Do you ever read the comments that follow online news stories? Or do you avoid them like the plague? (Let me know; make a comment.)

The development of the functionality that allows commenting on newspaper websites has been a boon—for conversation and the First Amendment—but often a bust for readers seeking substance and civility.

For example, a few weeks ago my wife and some colleagues had an op-ed piece run in a newspaper. I suggested that she not read the online comments, at least not without first taking some Maalox. Just as we all would have guessed, the online offerings, all anonymous, were a mixture of thoughtful musings (a couple) and misinformed ranting (the bulk).

Having spoken with many newspaper folk over the years, I know that they are conflicted about the conversational beast that they have unleashed. And for me, I’ve wondered about the propriety of, say, virulent racism on the pages of some of our most respected newspapers. Sure, some people have always held views like that, but they have never before had the chance to tout them under the banner of The New York Times or The Washington Post. Is this the best we can do? Really?

Randy Lovely

This week we got the strange and happy coincidence to observe the next steps taken by two newspapers in regard to online comments. Each is set out in an essay written by the newspaper’s editor. I’m not sure what the different reactions mean, but maybe you have an opinion.

The more detailed essay comes today from the Arizona Republic’s Randy Lovely. He is very up-front about his concerns over online commenting, and he says the Republic aims to do something about it.

The Republic’s response is that anonymous comments will no longer be permitted. Instead, he says, “Beginning today, azcentral users wishing to comment on any of our blog posts will need to do so through the use of a personal Facebook account. Ultimately, in the next couple of months, the same technology will be in place for all articles on the site.”

For those (like me) who fear that the Facebook option may be too limiting, Lovely points out that 81 percent of Phoenix adults have Facebook accounts. Of course, the Republic is a statewide newspaper, so I’m not sure that fills the bill. But we’ll see. I’m cautiously pleased that the newspaper has decided to act.

Jill Abramson

Also today, we read that The New York Times is changing its comment policy. Its approach, described by Executive Editor Jill Abramson, sounds much more like a tweak. (I wrote about The Times’ new editor last June.)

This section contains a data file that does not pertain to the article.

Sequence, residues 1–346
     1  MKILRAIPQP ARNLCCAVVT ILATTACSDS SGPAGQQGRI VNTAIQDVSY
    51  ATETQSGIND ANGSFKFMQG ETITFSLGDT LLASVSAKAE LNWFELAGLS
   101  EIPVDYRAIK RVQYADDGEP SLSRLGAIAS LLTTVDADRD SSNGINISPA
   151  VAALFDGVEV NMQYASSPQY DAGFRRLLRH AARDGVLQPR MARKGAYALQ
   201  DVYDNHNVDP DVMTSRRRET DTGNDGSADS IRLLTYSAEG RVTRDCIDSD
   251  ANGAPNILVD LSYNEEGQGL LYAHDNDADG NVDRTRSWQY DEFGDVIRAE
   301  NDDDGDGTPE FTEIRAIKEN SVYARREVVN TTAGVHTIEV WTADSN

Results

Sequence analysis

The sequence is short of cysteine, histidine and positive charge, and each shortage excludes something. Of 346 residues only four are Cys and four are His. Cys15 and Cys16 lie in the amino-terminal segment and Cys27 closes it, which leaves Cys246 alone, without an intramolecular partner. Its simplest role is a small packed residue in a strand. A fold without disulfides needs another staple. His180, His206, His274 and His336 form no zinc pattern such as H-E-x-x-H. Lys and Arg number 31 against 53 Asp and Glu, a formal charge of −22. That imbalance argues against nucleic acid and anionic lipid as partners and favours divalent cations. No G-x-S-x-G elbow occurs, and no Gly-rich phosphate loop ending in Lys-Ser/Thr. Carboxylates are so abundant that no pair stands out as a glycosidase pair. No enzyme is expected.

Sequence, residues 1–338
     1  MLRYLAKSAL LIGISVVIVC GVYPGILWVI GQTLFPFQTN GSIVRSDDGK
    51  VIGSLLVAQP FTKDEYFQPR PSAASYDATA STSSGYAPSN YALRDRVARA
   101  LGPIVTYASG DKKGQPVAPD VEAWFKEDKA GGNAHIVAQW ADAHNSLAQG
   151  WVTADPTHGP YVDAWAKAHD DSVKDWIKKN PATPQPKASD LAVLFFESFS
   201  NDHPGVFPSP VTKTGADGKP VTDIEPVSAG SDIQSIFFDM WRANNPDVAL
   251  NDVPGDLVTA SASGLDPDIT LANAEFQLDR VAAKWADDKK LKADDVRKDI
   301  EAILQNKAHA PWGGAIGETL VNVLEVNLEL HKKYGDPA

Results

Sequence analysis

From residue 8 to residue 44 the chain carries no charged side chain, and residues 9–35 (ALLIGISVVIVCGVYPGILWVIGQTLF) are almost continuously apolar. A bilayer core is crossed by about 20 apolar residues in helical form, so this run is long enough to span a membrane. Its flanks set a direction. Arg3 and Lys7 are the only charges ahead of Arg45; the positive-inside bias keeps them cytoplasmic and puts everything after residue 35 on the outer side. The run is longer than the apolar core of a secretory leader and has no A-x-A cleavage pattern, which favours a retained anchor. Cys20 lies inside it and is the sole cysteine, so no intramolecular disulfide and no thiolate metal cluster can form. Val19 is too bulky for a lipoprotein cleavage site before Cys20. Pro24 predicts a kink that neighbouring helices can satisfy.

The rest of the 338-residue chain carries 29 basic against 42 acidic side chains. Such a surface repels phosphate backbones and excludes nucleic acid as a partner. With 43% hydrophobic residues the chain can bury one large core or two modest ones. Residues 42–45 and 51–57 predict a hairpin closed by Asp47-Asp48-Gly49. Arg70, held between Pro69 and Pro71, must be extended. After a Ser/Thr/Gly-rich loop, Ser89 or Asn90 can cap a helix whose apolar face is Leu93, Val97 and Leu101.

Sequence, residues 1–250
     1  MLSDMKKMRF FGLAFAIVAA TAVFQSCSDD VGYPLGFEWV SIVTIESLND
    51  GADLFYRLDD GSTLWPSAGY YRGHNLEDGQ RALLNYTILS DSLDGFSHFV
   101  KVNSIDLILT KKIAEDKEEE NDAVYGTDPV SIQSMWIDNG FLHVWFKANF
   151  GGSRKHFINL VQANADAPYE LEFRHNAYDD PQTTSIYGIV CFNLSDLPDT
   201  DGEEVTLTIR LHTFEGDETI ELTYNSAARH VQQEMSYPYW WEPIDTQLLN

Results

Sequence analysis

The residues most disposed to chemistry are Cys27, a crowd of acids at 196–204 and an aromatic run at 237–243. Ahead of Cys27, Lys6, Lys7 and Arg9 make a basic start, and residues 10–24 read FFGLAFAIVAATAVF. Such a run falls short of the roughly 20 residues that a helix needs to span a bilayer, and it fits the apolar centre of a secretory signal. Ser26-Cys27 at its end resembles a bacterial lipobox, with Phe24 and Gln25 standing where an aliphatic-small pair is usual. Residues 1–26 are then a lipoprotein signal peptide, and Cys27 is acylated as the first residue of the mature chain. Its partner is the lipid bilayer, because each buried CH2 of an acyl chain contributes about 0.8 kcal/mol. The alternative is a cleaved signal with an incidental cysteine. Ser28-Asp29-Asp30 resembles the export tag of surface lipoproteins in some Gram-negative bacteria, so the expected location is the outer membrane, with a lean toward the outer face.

Absent from Abramson’s essay is any concern over the degradation of comments. But that may be due to the fact that The Times does not permit anonymous remarks—and that has made all the difference.

Now if we could just get newspapers to deep-six their hellish reliance on pop-up advertising. But that’s a fight for another day.

What do you think about online commenting? Is it a valuable part of news reporting, one that we have grown used to and that we value? Or could you live without it, anonymous or not?

Share your thoughts below.

Jill Abramson

It took 160 years, but if finally happened. A woman—a talented and experienced journalist—took over the executive editor position at The New York Times. Appropriate, I suppose, for a newspaper dubbed The Gray Lady.

On this Change of Venue Friday, I point you toward a news story that signals a real change. I decided to read the coverage of the appointment of Jill Abramson as written in the Washington Postread the whole story here.

(You can read The New York Times story here.)

The Post reporters offered up an analysis of the paper’s move that pointed to dark economic storm clouds:

“Abramson’s appointment was part of a sweeping and symbolic series of changes at the newspaper, which is both a journalistic leader and one that reflects its industry’s deepening financial crisis.”

“She takes over a newspaper that has doubled down on its journalism in tough economic times, resisting the cuts to staff and budgets that other papers have chosen as advertisers and readers migrate to other, mostly digital sources of news.”

This is a great step, and the Times should be commended for making a terrific choice. But I can’t help thinking that when advancement for many groups that are historically unrepresented finally occurs, it almost always occurs at a certain time. That is, when times are bad.

I’m sure that Abramson will do a great job; she’s spent her entire career getting ready for this lofty position. But how much more could she have done if she had been offered the job in economic boom times. She takes the helm as staff is cut, investigative reporting is on the ropes, and story lengths are cut.

That cannot be the most fun time to be a newspaper editor.

Congratulations to her and the Times. And here’s hoping opportunities like this will come as readily even as the economy gets better.

Have a great weekend.